Walk Like a Panther

More sound, more fury: Fred Ho
Tony Nelson

Forget marketing, forget education: The best hope jazz has of reaching hip-hop kids is to swing like mad, and take a page from the uncompromising Fred Ho, a Brooklyn saxophonist-composer who calls the very name "jazz" a racist slur. The 42-year-old's multimedia events are like Mingus jamborees updated for the performance-art crowd, capturing the emotional feel of radical politics without getting didactic. Ho drew more kids to his martial-arts ballet Once Upon Time in Chinese America at the recent JVC festival in New York City than any other event, perhaps because the generation most distant from the Jazz Age at least knows its Ninja Turtle and Xena moves.

"That's all fake," says the Mohawked, goateed Ho as we lounge in a Muzak-blaring Minneapolis hotel lobby. "So hopefully we'll expose them to something authentic--to the ethicality, not just military science, of martial arts."

It was Black Panther Kathleen Cleaver (Eldridge's former wife) who suggested to Ho that martial arts might make the perfect complement to his latest work in progress, All Power to the People! The Black Panther Suite, which Ho performs this weekend at the Walker Art Center. The funk-steeped multimedia collaboration with filmmaker Charles Burnett and media artists Paul Chan and Scott Marshall includes film, video, animation, and archival news footage. Martial arts are the next layer, and they're a good fit for the onetime hand-to-hand combat expert. Ho followed a black friend into the Vietnam War before his radical politics had fully formed, and he now wants to make the Black Panthers vivid for a generation fed only the depoliticized pulp of Mario Van Peebles's Panther.

The acclaimed composer first heard of the Panthers in the early 1970s, when he joined an Asian equivalent, I Wor Kuen, which took its name from the militants of the Boxer rebellion. The son of Chinese immigrants, Ho says he came to Mao through Malcolm X, and his production company was named Big Red Media in tribute. ("Malcolm was called Big Red as a nickname, and Mao was a big red," Ho jokes.) The musician has been an outspoken radical since his teen years, facing racial violence in pigment-challenged Amherst, Massachusetts. He now finds himself in the unusual position of being hailed for his politically charged music, while his politics themselves are routinely dismissed.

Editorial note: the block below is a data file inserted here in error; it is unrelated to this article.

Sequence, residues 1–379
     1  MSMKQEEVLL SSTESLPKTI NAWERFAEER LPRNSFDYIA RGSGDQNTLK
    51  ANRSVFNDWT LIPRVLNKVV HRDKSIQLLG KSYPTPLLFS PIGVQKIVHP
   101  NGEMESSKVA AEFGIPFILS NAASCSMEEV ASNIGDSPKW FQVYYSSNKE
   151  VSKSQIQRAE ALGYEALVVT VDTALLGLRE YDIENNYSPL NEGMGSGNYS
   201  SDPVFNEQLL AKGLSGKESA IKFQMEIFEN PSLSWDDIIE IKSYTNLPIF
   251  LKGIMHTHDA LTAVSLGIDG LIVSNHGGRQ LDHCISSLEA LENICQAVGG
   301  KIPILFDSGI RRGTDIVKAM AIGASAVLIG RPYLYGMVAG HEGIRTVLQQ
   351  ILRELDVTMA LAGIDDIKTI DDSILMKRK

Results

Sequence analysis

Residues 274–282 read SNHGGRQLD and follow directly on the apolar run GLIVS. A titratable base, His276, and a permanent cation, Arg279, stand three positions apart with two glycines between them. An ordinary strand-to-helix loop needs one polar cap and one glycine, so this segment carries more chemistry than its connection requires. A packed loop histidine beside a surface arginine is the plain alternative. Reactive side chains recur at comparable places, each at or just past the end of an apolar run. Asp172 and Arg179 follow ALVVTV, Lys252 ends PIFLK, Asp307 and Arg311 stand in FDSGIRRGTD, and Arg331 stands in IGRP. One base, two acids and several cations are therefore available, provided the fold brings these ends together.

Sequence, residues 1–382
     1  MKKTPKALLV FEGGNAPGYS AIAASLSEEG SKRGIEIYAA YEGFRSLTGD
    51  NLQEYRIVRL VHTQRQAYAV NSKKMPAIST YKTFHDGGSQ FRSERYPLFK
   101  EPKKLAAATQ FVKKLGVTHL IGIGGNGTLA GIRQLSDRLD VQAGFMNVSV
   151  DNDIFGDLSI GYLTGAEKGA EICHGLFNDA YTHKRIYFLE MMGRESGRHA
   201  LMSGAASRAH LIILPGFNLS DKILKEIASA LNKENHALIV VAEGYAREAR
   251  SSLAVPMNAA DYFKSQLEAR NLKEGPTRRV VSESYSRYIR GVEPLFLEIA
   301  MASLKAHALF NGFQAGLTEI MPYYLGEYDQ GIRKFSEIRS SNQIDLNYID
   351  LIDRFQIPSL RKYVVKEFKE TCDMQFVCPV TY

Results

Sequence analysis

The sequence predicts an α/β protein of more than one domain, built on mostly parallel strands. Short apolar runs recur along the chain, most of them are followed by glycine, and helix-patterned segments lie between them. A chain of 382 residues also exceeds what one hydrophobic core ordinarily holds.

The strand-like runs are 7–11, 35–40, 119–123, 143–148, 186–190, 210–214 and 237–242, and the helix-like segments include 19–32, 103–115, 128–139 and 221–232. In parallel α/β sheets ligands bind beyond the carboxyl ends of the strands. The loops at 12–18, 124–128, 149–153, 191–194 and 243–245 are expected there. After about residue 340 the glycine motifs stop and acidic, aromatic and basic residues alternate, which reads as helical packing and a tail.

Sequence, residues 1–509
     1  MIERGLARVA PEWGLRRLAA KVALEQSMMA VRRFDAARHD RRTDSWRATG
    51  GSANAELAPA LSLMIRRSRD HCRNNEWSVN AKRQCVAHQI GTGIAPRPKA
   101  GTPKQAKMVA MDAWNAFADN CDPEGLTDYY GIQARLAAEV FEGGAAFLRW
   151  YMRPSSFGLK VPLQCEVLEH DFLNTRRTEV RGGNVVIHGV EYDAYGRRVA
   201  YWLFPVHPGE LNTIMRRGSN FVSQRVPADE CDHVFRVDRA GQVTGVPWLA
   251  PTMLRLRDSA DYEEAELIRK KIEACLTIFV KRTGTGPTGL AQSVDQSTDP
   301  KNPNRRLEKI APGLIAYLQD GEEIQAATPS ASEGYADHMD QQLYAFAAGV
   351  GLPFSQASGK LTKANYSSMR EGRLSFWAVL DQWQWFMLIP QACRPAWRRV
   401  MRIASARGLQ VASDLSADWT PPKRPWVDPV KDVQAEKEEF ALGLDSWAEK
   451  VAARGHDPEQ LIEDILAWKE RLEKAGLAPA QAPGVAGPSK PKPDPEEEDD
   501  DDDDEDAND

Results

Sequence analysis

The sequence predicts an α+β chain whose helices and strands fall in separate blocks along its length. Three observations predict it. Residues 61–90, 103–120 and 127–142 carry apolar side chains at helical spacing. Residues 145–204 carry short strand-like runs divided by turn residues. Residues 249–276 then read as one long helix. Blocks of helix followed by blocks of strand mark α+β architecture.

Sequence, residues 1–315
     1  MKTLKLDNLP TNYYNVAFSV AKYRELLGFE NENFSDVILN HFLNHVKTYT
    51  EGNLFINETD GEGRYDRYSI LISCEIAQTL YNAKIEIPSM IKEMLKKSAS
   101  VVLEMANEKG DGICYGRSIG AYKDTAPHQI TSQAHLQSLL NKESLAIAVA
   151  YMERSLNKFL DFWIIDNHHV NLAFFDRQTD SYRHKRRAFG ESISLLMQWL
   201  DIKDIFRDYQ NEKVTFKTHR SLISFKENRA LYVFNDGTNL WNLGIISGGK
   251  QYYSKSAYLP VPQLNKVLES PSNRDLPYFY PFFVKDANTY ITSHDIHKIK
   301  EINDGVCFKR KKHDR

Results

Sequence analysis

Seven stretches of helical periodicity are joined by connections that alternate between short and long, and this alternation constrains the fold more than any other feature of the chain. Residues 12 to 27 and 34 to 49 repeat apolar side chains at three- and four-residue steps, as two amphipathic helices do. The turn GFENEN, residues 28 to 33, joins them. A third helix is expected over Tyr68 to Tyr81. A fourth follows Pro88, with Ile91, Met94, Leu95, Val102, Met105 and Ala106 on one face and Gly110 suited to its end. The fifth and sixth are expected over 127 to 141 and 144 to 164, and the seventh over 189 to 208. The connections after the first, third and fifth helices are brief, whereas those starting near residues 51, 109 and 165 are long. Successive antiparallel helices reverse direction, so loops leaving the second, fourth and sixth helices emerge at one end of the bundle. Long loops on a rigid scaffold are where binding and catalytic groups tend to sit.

CITY PAGES: Do you think jazz has lost its connection with liberation movements?

FRED HO: I don't use the word jazz, because I consider the term a racial slur, but the 20th-century music that comes out of the African-American tradition has definitely been derailed and deradicalized. You find this striking situation where 20-year-old musicians are playing styles that predate their birth and are stuck there. I blame the gatekeepers. Look at what's not being hyped to find the best--like Abe Gomez Delgado or Graham Connah.

CP: What did the Panthers have that activists lack today?

HO: All social movements in the Sixties believed in direct mass organizing as opposed to becoming professional social workers. People didn't get jobs for what they did--they did it because it was part of their identity as radicals.

With the Panthers in particular, they had revolution as a goal. They also had a cultural and artistic zeitgeist that fired the imagination, whether it be a clenched fist, calling police "pigs," wearing your hair natural in an Afro, or the provocative open display of firearms. They weren't wearing three-piece suits, trying to be acceptable.

CP: Now that you've been embraced by the arts establishment, does that give you a sort of free pass for your politics?

HO: If they want me to swallow my social views, that's asking me not to be honest. ran this diatribe about how I should stuff my politics and let my music speak for itself. Well, my music does speak for itself. But what does it say?

CP: Your music combines elements of the Asian folk and African American traditions, but you've have been critical of "world music." What about Ry Cooder and the Buena Vista Social Club?

HO: I don't fault the music or the musicians, but I do fault the Christopher Columbus syndrome, the fact that it takes a Paul Simon or a Ry Cooder to "expose" Third World musicians to the wider public. Two, I take umbrage with the depoliticized presentation, which is what it takes to reach solipsistic yuppies. Why is Cuban music being crushed? Because of Castro? No, it's this embargo that most of the world recognizes is unjust. How is it one can love Third World people, love their food, love their music--but you don't hate their oppression?

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